The Luxury Touch

Traditionally wine producers have been focused on production rather than marketing or branding. According to a study that was published recently on www.strategy-business.com superb service is the indispensable ingredient of successful high-end brands. This is food for thought for premium and icon wine producers as well as wine tourism marketers, who should be looking to add value to their product offerings. Here’s a short extract from the report:

“The relationship between quality of service and the luxury touch is often noticed, but its significance is rarely understood. A recent Booz Allen Hamilton study suggests that with luxury brands, the excellence of the underlying product is merely a starting point. Interviews with 40 executives at a broad spectrum of high-performing luxury brand companies confirm that what makes these luxury products truly stand apart is the superb level of service in which they are wrapped. Indeed, the services surrounding each of these brands can be viewed not only as an intrinsic part of the products themselves, but as an important differentiator of the brand.

Although there’s no single process for achieving high levels of customer satisfaction, four principles are common to nearly all top-performing luxury brand companies:

  1. They create a customer-centered culture that identifies, nurtures, and reinforces service as a primary value. When it comes to sales and service excellence, the leading luxury brands do not take shortcuts. High-performance luxury brands maintain their commitment to service in good times and bad, emphasizing long-term vision over short-term expediency.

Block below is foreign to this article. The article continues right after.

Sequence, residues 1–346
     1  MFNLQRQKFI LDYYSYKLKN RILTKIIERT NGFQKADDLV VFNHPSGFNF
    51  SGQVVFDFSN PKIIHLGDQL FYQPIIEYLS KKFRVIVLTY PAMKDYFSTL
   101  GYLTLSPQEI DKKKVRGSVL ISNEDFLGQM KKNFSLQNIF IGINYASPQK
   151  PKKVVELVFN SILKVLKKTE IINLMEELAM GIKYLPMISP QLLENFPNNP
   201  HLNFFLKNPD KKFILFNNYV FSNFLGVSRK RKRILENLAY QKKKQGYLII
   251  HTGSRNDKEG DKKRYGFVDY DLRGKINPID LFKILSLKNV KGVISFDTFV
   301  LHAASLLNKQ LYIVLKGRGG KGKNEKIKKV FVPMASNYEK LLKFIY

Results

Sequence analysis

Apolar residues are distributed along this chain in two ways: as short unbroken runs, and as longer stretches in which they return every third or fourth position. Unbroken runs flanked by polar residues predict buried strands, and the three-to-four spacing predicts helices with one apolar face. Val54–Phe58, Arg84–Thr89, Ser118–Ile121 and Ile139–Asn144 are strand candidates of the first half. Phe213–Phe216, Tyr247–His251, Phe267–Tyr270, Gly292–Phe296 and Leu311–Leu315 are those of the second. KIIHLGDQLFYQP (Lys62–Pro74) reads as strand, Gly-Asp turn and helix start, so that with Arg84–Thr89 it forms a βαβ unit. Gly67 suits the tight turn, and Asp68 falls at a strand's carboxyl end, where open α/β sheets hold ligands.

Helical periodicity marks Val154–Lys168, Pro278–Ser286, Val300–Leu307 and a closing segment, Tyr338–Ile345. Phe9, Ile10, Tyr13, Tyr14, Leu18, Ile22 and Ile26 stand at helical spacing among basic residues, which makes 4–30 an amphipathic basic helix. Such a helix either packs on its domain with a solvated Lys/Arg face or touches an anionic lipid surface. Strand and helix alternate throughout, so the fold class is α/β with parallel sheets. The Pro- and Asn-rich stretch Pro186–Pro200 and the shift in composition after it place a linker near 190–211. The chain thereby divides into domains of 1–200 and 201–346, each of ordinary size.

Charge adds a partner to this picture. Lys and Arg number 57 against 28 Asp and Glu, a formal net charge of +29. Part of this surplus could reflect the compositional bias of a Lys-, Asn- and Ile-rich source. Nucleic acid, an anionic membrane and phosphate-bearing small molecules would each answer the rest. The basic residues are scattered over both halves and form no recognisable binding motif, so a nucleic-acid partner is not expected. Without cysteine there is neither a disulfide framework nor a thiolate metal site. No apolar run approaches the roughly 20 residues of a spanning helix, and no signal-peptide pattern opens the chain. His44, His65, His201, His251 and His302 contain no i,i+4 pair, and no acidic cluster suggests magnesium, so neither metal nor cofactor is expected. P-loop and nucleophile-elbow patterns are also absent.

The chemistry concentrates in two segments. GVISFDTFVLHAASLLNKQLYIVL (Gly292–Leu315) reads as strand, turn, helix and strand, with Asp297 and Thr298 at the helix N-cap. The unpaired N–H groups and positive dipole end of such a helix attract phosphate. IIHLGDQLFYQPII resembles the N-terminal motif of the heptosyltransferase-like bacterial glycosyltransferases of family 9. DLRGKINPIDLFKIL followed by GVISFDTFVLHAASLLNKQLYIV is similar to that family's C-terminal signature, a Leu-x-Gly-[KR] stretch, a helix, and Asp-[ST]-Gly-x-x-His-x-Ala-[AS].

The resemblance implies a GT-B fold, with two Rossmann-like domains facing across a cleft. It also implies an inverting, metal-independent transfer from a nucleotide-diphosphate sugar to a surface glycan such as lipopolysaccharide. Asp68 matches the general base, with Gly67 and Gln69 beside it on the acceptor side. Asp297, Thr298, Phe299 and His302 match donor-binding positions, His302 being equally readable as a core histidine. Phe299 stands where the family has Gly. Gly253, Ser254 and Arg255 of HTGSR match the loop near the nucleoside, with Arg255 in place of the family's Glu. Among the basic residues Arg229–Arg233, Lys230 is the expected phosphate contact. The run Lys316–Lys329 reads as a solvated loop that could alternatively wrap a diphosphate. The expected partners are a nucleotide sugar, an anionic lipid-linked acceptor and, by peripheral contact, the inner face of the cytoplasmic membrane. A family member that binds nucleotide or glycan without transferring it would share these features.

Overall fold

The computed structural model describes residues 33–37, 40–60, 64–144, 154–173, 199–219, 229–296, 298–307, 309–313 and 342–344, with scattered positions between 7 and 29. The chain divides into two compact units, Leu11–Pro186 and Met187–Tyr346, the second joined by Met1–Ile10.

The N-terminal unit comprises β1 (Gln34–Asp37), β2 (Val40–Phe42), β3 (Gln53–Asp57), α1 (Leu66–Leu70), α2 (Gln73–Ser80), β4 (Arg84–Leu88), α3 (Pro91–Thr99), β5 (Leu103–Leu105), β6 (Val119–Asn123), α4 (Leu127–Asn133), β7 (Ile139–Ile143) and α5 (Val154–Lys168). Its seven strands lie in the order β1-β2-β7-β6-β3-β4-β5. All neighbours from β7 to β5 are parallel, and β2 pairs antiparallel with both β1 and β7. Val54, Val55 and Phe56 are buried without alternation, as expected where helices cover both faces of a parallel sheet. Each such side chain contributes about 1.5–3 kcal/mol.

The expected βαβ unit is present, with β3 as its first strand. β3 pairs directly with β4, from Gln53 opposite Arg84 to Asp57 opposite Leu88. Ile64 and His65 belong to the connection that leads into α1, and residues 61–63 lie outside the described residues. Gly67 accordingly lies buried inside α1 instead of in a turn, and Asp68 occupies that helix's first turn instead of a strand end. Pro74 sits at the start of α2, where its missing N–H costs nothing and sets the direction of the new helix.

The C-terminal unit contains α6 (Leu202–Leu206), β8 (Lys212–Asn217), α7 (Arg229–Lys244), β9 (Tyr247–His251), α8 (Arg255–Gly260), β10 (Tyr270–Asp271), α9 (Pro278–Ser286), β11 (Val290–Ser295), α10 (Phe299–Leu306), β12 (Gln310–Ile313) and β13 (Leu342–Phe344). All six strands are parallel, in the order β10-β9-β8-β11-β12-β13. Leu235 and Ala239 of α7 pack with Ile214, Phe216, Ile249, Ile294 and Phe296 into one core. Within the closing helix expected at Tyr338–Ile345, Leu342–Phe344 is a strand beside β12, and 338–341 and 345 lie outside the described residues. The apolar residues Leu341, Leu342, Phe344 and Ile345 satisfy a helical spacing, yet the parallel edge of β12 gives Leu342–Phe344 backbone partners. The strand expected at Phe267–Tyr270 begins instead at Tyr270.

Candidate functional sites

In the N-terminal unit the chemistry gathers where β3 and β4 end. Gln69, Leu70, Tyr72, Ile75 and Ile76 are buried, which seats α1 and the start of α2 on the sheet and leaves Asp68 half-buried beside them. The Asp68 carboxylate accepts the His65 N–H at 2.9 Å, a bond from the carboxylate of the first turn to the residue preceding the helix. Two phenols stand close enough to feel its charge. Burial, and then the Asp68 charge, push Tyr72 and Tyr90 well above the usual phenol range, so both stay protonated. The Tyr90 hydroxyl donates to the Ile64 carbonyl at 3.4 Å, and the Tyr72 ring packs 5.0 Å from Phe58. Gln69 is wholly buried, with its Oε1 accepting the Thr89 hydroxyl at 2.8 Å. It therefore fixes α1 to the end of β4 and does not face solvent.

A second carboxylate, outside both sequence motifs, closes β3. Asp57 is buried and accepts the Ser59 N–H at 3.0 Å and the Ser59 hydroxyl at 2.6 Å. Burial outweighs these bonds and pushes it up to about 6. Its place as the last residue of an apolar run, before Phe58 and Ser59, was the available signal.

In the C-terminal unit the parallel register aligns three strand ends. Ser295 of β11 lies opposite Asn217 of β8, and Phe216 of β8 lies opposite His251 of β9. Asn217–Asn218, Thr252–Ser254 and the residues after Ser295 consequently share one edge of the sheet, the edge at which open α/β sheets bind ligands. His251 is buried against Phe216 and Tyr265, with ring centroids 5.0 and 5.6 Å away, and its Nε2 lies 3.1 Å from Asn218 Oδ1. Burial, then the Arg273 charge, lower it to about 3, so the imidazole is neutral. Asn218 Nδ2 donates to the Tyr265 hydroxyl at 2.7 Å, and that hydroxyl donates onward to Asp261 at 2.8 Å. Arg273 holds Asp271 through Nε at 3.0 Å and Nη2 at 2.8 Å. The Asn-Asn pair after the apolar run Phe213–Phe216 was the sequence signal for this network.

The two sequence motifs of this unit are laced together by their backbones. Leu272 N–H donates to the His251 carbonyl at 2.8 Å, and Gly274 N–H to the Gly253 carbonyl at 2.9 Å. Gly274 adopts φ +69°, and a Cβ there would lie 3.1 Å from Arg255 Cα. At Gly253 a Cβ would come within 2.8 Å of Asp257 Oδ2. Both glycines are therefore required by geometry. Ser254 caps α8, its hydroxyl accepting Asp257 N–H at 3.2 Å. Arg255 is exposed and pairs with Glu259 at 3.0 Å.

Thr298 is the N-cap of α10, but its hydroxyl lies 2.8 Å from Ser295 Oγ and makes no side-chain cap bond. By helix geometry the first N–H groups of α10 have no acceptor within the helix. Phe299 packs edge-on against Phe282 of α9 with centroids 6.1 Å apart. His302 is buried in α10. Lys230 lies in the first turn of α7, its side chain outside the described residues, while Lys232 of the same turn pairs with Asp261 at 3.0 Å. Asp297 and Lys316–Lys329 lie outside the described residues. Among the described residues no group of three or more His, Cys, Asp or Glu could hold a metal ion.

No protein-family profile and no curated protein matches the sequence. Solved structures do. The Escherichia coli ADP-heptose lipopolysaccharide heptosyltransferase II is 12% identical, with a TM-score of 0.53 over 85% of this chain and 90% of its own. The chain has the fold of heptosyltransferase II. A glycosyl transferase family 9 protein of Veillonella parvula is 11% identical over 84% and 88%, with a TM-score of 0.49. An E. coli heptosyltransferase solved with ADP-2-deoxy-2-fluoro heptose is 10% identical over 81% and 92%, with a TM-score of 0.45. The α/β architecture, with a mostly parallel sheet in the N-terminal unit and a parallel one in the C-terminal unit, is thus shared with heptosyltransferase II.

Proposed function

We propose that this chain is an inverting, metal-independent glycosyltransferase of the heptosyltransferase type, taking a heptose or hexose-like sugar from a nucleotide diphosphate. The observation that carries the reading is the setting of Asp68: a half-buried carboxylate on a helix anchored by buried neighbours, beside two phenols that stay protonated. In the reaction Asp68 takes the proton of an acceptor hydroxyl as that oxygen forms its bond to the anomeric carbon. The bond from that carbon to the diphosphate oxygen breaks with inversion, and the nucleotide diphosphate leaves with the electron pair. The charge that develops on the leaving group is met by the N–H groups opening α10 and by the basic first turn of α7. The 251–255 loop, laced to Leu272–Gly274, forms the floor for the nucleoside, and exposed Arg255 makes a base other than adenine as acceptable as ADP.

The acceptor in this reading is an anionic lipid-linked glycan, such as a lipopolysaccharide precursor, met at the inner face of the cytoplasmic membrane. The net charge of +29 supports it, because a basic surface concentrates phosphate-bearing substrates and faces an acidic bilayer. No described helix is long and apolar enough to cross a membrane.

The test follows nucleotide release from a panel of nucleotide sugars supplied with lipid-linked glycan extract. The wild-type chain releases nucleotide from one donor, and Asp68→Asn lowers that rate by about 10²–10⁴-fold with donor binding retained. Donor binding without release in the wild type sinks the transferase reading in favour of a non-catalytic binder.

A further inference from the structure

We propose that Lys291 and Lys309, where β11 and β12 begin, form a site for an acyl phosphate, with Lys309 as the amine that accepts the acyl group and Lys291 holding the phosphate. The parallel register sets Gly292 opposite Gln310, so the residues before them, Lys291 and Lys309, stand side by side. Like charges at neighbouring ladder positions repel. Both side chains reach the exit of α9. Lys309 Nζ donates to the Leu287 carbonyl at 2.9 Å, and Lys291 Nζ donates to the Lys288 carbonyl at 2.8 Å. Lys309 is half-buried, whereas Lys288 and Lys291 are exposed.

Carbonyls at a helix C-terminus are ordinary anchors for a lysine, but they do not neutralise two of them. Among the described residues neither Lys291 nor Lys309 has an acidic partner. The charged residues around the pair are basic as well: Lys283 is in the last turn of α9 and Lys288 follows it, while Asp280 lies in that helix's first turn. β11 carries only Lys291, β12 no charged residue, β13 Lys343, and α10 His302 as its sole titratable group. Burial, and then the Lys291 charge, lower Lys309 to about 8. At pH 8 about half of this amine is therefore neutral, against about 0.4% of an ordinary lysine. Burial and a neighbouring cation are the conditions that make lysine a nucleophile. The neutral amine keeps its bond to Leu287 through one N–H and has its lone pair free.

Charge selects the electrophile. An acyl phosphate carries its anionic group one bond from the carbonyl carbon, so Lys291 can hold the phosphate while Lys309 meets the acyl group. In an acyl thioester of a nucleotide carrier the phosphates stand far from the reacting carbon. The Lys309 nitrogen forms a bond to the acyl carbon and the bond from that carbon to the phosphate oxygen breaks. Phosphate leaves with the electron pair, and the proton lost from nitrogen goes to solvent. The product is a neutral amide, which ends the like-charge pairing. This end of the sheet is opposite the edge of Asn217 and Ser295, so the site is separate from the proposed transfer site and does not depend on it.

2. They use a rigorous selection process to populate the organization with superior sales and support staff. The impulse to care about accommodating customers cannot be taught to people who are not predisposed to it - â€œThe smile has to come naturally.”

  3. They constantly retrain employees to perpetuate organizational values and to help them attain greater mastery of products and procedures. This continuous training includes training in new products and sales procedures as well as constant reinforcement of the company values and heritage. The average Ritz-Carlton employee receives 232 hours of training per year, almost four times the average of their counterparts at peer hospitality companies.

  4. They systematically measure and reward customer-centric behavior and excellence in sales and service to enforce high standards and reinforce expectations. When employees recognize that they are valued and share in the rewards, they can commit themselves wholeheartedly to the company’s mission. That, in turn, will demonstrate to outsiders that the company not only has set strong values but also lives by them, and that these values make possible a growing reputation for premium products and service.

When these four principles are at work, the result is a highly integrated business model that combines a superior product line with outstanding sales and service quality, driving strong growth and profitability in the process”.

By Mike Carter.

Read the entire report: http://www.strategy-business.com/press/enewsarticl…